The accomplished second novel by the author of The House Girl throws a few unexpected twists into the well-worn story of evolving relationships among siblings. In the year 2079, 102-year-old poet Fiona Skinner looks back on a childhood marked by the sudden death of her father and the emotional withdrawal of her mother. During the years that her mother spent almost entirely in her room in their middle-class Connecticut neighborhood—a period that Fiona and her three siblings call the Pause—the siblings essentially raised each other, with observant, dreamy youngest child Fiona taking note of driven oldest daughter Renee, bubbly Caroline, and sweet, athletic Joe. As the years go on, the increasingly troubled Joe becomes the focus of both the novel and the attention of the other siblings. While Fiona—who works at a nonprofit and publishes a blog, sardonically titled The Last Romantic, wryly detailing her sexual experiences with one man after another—is the novel’s key voice, it expands out to peek into the minds of the others, including the mother who becomes a staunch feminist after emerging from her cocoon. Conklin’s plot avoids the predictable, and adds a new mystery each time an old one is solved, resulting in a clever novel. (Feb.)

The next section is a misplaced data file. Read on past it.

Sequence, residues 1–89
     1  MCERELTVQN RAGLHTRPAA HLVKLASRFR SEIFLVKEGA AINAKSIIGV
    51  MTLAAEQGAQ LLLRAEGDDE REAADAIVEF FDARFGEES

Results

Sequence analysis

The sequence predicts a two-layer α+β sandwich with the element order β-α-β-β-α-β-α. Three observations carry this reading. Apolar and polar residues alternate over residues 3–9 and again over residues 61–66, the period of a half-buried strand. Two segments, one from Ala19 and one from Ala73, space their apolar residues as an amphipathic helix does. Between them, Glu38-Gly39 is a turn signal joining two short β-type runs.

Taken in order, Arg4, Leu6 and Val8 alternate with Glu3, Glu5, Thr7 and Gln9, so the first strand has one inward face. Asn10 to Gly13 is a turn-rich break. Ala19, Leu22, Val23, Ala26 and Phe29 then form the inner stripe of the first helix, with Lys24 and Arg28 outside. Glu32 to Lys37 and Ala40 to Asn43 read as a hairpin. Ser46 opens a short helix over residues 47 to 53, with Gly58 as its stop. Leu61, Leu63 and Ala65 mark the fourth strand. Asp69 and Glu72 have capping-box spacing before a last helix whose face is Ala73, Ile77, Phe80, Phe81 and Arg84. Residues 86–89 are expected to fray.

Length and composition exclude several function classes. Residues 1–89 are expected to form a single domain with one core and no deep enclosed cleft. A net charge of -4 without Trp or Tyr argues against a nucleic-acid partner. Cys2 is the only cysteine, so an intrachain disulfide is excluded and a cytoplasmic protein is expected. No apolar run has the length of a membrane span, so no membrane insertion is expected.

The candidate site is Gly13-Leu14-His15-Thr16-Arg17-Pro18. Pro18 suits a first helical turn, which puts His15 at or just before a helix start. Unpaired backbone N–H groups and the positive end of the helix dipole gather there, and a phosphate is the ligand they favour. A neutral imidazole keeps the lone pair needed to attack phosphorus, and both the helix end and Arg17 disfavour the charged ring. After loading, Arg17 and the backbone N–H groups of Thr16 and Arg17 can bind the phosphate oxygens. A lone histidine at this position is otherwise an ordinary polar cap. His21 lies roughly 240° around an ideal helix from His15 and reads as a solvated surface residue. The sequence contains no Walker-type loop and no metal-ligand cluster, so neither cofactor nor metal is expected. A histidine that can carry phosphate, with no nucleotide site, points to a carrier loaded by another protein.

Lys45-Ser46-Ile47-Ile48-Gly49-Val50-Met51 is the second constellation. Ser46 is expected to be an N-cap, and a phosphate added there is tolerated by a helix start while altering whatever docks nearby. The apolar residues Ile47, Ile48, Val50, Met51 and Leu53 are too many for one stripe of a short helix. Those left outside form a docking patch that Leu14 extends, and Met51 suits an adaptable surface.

During the Covid-19 crisis, Publishers Weekly is providing free digital access to our magazine, archive, and website. To receive the access to the latest issue delivered to your inbox free each week, enter your email below.